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Article

Ian Archibald Richmond, Jocelyn M. C. Toynbee, and Leonard V. Rutgers

A term derived from κατὰ κύμβας, a locality close to the church of St Sebastian on the *via Appia, 3 miles south of Rome. The name may refer to the natural hollows across which the road passes or to an inn-sign, but was in use in the 4th and 5th cents. ce for the Christian cemetery associated with St Sebastian's in the form ad catacumbas or catacumbae. This famous cemetery consisted of a series of narrow underground galleries and limited number of tomb-chambers cut in the volcanic rock. The walls of the galleries are lined with tiers of up to seven simple coffin-like recesses (loculi) for inhumation, holding normally one but sometimes up to four bodies apiece and sealed with a stone slab or tiles. Tomb chambers tend to be more monumental, containing wall paintings and arcosolia (arched) graves. The early Christian catacombs were designed as large communal cemeteries from the outset and were used for burial from the late 2nd through early 5th cent. Radiocarbon dating suggests that the Jewish catacombs of Rome (see catacombs, jewish) may have served as an example.

Article

Bryan Ward-Perkins

The first Christians met in the private houses of the faithful. Gradually, as local Christian communities became more established both in numbers and in wealth, they might acquire their own church-houses, using them specifically as places of worship and for other religious activities, such as the granting of charity and the instruction of converts. Externally these buildings looked just like other private houses, though internally they might be adapted for their new function, for instance by combining rooms to create a large enough space for worship. The best example of an early church-house is that excavated at Dura-*Europus on the Euphrates: an ordinary town house, built around ce 200, adapted for Christian use before 231, and destroyed when the city walls were reinforced in 257. Before the conversion of Constantine I, and his conquest of the empire between 312 and 324, some Christian communities may already have commissioned halls specifically for worship, and certainly small shrines, such as the 2nd-cent. aedicula over the supposed tomb of St Peter in Rome (see vatican), were already being built over the bodies of the martyrs.

Article

George Ronald Watson and Andrew Lintott

Crucifixion seems to have been a form of punishment borrowed by the Romans from elsewhere, probably *Carthage. As a Roman penalty it is first certainly attested in the *Punic Wars. It was normally confined to slaves or non-citizens and later in the empire to humbler citizens; it was not applied to soldiers, except in the case of desertion. *Constantine I abolished the penalty (not before ce 314). Two inscriptions of the 1st cent. ce from *Cumae and *Puteoli have been found containing the contract of the undertaker both of funerals and of executions of this kind (see lex(2), ‘lex libitinaria’). The general practice was to begin with flagellation of the condemned, who was then compelled to carry a cross-beam (patibulum) to the place of execution, where a stake had been firmly fixed in the ground. He was stripped and fastened to the cross-beam with nails and cords, and the beam was drawn up by ropes until his feet were clear of the ground. Some support for the body was provided by a ledge (sedile) which projected from the upright, but a footrest (suppedaneum) is rarely attested, though the feet were sometimes tied or nailed.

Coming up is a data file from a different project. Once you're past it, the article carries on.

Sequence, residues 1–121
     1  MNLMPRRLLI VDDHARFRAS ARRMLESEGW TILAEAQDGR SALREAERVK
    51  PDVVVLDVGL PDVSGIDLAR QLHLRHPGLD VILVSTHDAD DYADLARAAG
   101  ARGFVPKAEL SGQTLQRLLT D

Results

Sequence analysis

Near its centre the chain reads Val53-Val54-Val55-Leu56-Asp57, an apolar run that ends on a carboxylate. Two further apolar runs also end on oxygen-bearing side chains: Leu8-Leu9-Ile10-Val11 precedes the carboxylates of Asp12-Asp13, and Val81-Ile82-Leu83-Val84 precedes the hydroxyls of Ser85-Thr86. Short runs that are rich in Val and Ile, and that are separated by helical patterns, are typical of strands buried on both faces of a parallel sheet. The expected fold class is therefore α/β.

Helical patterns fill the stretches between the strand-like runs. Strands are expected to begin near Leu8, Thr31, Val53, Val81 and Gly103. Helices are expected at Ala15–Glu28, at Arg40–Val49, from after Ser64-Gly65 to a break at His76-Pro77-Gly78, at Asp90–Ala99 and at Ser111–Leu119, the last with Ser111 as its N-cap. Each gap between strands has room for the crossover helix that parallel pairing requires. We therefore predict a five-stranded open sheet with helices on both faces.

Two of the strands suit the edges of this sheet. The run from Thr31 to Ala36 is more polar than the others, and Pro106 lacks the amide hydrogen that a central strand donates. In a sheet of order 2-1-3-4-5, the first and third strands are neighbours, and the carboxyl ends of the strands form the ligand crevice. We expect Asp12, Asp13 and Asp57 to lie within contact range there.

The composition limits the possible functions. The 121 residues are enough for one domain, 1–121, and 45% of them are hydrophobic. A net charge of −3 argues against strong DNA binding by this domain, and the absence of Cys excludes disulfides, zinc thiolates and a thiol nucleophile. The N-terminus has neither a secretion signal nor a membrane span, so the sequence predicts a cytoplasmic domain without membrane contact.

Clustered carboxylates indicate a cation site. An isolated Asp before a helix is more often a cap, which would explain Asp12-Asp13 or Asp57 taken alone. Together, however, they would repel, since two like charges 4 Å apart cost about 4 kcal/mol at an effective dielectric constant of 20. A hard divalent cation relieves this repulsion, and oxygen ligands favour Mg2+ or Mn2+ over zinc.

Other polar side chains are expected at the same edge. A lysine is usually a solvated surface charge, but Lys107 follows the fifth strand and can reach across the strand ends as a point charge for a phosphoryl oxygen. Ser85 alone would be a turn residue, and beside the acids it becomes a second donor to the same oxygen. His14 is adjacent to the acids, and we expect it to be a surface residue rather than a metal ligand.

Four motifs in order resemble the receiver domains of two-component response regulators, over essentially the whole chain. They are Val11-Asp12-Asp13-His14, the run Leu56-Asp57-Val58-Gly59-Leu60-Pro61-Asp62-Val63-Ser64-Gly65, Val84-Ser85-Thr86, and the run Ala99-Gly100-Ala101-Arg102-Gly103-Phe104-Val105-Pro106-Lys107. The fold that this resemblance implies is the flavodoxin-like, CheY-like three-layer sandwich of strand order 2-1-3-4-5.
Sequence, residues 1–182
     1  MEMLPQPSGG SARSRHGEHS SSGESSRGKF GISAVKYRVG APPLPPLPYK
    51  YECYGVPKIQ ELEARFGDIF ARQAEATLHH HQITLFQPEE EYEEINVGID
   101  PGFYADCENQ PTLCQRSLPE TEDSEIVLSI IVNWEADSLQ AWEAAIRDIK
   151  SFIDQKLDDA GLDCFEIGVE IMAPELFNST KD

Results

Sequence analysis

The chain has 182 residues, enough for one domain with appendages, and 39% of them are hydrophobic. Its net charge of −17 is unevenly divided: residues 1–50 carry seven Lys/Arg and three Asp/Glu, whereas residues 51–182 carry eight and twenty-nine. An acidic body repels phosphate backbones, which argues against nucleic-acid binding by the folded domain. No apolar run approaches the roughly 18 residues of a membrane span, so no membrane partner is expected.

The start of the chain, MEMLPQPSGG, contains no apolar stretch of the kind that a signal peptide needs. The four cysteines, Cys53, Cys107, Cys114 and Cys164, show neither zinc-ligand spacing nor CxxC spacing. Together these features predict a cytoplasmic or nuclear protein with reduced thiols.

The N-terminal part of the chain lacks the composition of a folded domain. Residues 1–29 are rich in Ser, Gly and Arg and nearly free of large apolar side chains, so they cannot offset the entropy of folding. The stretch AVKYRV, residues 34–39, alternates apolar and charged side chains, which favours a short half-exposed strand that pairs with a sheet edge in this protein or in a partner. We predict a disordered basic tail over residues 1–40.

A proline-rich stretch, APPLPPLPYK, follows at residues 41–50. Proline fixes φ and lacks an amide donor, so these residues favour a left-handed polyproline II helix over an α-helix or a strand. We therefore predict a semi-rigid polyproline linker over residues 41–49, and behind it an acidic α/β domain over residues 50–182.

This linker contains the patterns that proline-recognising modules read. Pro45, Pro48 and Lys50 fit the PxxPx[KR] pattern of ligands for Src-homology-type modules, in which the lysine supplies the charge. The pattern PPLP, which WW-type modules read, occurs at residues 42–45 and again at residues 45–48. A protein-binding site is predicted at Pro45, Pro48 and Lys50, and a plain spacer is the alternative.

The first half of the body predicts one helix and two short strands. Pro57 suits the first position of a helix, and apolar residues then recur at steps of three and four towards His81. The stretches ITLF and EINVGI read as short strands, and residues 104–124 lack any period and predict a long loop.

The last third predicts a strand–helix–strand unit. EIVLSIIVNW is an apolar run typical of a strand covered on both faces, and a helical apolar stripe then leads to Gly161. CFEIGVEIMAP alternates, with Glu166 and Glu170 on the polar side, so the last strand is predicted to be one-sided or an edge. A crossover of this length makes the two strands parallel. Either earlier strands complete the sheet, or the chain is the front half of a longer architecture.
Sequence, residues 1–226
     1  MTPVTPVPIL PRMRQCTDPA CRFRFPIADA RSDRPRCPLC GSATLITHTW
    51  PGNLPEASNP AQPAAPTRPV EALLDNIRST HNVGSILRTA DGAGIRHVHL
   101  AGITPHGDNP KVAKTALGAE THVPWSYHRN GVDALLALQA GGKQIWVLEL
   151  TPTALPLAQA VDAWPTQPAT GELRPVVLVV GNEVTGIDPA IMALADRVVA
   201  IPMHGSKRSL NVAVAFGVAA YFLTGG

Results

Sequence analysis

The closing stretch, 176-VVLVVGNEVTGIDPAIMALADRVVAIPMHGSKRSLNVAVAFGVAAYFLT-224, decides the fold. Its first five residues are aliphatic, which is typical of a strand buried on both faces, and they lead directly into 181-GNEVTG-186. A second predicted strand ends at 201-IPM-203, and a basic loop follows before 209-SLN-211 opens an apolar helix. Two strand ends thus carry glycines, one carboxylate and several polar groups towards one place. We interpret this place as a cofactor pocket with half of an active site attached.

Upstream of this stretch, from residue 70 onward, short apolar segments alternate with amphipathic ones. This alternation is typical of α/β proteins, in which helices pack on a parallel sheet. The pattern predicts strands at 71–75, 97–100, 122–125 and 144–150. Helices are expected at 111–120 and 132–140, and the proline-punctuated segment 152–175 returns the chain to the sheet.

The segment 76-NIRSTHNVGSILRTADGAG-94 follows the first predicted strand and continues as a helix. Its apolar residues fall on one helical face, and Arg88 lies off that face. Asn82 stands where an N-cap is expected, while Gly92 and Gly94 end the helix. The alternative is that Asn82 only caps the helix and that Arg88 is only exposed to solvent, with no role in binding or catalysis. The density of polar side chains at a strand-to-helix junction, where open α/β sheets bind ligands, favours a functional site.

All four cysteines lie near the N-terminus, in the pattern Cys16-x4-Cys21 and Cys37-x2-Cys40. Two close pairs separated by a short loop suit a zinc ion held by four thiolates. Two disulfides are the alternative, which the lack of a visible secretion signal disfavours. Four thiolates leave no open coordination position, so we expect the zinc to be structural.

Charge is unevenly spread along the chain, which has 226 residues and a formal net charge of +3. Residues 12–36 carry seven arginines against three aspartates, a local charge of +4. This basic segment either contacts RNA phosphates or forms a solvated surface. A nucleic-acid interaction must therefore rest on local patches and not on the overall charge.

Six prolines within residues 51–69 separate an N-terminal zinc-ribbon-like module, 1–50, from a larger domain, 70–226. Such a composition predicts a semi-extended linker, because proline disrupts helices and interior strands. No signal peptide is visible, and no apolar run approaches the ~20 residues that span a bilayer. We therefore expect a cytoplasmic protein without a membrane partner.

Article

nimbus  

George M. A. Hanfmann and Roger Ling

A circular cloud of light which surrounds the heads of gods or emperors (Serv. on Aen. 2. 616, 3. 587) and heroes. The belief that light radiates from a sacred or divine person is a common one and the nimbus only a special form which was developed in classical religion and art. Assyrian art, for instance, represents some gods with rays around their shoulders, and Greek art shows deities of light, such as *Helios, with a radiate crown. Greek vases and Etruscan mirrors of the 5th cent. bce afford the earliest examples of nimbus, often combined with the crown of rays. This hybrid form is also found at *Palmyra in the 1st cent. ad. Under the Roman empire the plain, smooth form tends to prevail. In Pompeian wall-paintings (see pompeii) it is still associated primarily with the deities of light, such as *Apollo-Helios and *Diana, but almost all pagan gods of any importance are occasionally represented with a nimbus; in the 2nd and 3rd cents.

Article

Vatican  

Bryan Ward-Perkins

Vatican, an extramural area of the city of Rome, on the right bank of the *Tiber around the mons Vaticanus. In the early empire the Vatican was the site of an imperial park (the horti Agrippinae); and of entertainment structures, the Naumachiae (see naumachia), where mock sea-battles were exhibited, and the Vatican *circus, where *Gaius(1) set up a great obelisk from Heliopolis and which was traditionally the site of the martyrdom of St Peter. There was also an important shrine of *Cybele (or the Magna Mater) attested in inscriptions; and along the two roads that crossed the area, the via Cornelia and the via Triumphalis, were cemeteries. A group of mausolea on the foot-slopes of the mons Vaticanus were excavated under St Peter's in the 1940s, and within this cemetery (directly under the high altar of St Peter's) was found a small 2nd-cent. shrine, marking the probable burial-site of Peter, apostle and first bishop of Rome.